(the feed tank and the reactor were not thermally insulated), we have consumed only 10 kWh of electric
power during 15 minutes of testing thus resulting in an energy cost of $0.60 USD assuming the rate of 6
cents per kilowatt-hour.

API Increase

Viscosity Reduction


Viscosity, cSt

Degrees API







Fig. 6. Dilbit API increase (left) and viscosity reduction (right) due to cavitation processing.

Yield Increase

Yield, mass %








Fig. 7. Dilbit distillation yield increase due to cavitation processing.

Table 1. Dilbit upgrading result summary.


Experimental Results: Atmospheric Residue Upgrading

For another test we have used atmospheric residue obtained from refining of Pennsylvania light crude at
American Refining Group in Bradford, Pennsylvania and marketed as Kendex 0842 cylinder stock. The
The Kendex 0842 cylinder stock is a completely dry atmospheric residue with all the distillates
boiling < 400C completely removed. Therefore ASTM D7169 simulated distillation chromatogram of
the residue has only one large peak between 15-th and 30th minutes, Fig. 8 (red plot).
The feed tank and the QVI reactor were completely disassembled and cleaned between the tests to inspect
for damage and to ensure no cross-sample contamination. Because Kendex was already devoid of diluent
and thus highly viscous we had to heat the residue in the drum to 80C using the external drum heater
prior to transferring into the feed tank. Aside from this the rest of the experimental and sampling protocol
was exactly the same as in the case of dilbit. The results are summarized in Table 2 and the
chromatograms of the before and after samples are compared on Fig. 8. It is evident from the
processed sample chromatogram (Fig. 8, blue plot) that light hydrocarbons in the kerosene range were
formed during hydrodynamic processing in the QVI reactor; one can easily see peaks between 2nd and 7th
minutes that were completely absent in the before sample. According to our analysis approximately 5%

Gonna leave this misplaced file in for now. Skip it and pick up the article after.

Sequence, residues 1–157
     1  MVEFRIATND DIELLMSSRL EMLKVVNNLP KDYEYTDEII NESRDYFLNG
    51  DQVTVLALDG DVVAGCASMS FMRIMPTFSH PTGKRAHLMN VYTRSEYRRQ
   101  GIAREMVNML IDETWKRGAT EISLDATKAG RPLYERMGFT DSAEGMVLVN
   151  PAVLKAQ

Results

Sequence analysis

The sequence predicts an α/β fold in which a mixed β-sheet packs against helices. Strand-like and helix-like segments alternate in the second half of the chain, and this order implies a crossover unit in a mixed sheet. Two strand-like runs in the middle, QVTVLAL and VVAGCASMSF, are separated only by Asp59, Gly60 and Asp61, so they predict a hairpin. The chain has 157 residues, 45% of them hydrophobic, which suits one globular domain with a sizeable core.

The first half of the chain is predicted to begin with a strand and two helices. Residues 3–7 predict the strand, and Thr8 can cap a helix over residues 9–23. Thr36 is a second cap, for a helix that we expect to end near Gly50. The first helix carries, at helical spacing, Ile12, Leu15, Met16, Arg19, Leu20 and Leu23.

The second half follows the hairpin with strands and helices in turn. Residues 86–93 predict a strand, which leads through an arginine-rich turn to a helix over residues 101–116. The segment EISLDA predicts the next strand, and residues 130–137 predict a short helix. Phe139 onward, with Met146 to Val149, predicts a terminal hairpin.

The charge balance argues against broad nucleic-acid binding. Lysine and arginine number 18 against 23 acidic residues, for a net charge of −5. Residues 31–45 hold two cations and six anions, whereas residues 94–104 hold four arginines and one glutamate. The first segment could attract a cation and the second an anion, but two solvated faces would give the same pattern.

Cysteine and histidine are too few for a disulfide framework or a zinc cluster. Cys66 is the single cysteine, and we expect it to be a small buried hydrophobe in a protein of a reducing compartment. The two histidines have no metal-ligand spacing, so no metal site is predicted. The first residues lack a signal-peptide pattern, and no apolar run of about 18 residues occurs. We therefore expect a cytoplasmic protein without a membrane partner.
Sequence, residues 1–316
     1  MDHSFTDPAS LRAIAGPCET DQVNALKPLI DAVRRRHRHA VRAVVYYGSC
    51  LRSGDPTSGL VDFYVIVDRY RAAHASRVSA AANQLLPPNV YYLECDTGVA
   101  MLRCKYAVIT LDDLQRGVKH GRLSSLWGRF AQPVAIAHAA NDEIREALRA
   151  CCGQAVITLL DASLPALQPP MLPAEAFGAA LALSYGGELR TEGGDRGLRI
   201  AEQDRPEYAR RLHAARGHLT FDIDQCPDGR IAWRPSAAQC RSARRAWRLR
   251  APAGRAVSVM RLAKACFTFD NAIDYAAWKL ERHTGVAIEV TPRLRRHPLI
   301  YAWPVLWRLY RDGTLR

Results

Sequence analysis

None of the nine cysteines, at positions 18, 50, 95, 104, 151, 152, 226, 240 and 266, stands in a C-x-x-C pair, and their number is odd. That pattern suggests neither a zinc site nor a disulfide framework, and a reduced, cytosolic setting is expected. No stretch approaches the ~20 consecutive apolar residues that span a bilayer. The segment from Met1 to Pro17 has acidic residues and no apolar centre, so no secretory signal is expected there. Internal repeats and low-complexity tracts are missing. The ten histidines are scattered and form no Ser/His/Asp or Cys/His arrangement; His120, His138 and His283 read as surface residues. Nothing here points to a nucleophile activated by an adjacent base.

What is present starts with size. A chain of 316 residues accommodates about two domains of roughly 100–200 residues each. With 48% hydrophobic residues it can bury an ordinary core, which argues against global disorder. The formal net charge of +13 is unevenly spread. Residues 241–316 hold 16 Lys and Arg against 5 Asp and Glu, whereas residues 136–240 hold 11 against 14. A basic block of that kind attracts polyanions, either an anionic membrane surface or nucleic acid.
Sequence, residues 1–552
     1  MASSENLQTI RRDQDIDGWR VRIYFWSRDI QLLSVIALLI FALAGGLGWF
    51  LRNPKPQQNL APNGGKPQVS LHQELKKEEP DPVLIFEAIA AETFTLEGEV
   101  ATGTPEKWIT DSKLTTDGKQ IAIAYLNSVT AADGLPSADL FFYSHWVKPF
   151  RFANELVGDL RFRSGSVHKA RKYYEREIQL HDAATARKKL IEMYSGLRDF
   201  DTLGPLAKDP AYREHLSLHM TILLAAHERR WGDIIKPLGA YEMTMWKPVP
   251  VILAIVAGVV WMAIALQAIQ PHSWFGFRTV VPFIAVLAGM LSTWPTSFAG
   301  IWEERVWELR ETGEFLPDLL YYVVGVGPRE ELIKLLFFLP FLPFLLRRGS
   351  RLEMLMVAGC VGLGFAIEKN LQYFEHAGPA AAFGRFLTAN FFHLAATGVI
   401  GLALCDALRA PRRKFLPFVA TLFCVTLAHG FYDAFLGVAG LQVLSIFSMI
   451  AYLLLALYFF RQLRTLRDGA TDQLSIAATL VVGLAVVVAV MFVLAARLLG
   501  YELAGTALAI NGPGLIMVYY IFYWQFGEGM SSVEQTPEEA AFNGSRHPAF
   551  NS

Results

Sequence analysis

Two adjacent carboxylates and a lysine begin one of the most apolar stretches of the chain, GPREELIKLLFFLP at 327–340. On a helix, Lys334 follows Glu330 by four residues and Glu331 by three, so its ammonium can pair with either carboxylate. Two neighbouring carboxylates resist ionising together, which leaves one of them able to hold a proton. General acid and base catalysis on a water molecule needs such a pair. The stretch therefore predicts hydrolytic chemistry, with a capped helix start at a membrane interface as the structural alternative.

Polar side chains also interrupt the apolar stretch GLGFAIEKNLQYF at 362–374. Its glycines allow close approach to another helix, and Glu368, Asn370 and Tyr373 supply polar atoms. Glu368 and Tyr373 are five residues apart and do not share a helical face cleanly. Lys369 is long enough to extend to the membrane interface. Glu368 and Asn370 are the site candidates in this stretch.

of the residue was converted into a useful distillate during the hydrodynamic processing. Once again, we
have not detected the presence of incondensable gases. Asphaltenes quantity also remained unchanged in
both tests, although we did not collect statistically significant data to derive firm conclusion.

Fig. 8. ASTM D7169 SimDist chromatogram for the original atmospheric residue (red) and the
processed one (blue). The processed material has prominent peaks between minutes 2-7
corresponding to kerosene fraction that is completely absent in the original material.

Table 2. Kendex upgrading result summary.



Demo Plant
Given obvious engineering difficulties in handling limited quantities of crude oil in a high-throughput
system the next step in the process is a field test with real time monitoring of crude quality. Block
diagram of the simplest possible pilot upgrading plant built around QVI hydrodynamic reactor is shown
on Fig. 8. In this particular diagram we have employed a natural gas (or a fuel oil) engine to drive the
reactor if the plant is to be deployed at a remote location where electric power is unavailable. The largest
component of the demo plant is the heat exchanger, which, fortunately, can be dramatically reduced in
size once the lowest effective processing temperature is determined. The heat exchanger may be
altogether eliminated if the process temperature reduced to ~100C, typical temperature of a SAGD
process. Alternatively, the heat exchanger is not necessary if the oil well gas is available and suitable for
combustion (or the oil itself is suitable for combustion in an HFO engine). In this case the upgraded crude
oil can be either air or water-cooled.

Fig. 8. Block diagram of QVI pilot upgrading plant.

We have successfully demonstrated upgrading of Athabasca bitumen and atmospheric residue at an
industrial scale. In both cases we have obtained results consistent with 1-2 degree API increase and ~50%
viscosity reduction, which is equivalent to an economic benefit of ~$1 USD per barrel in 2013 prices.
Although no effort was made to optimize the reactor or to minimize the losses our preliminary power
consumption measurement of 10 kWh to upgrade ~60 gallons indicate that the proposed process can be
made economically viable, especially when the system is fitted with a heat exchanger and properly
insulated. As such we look forward to the opportunity to field-test our technology.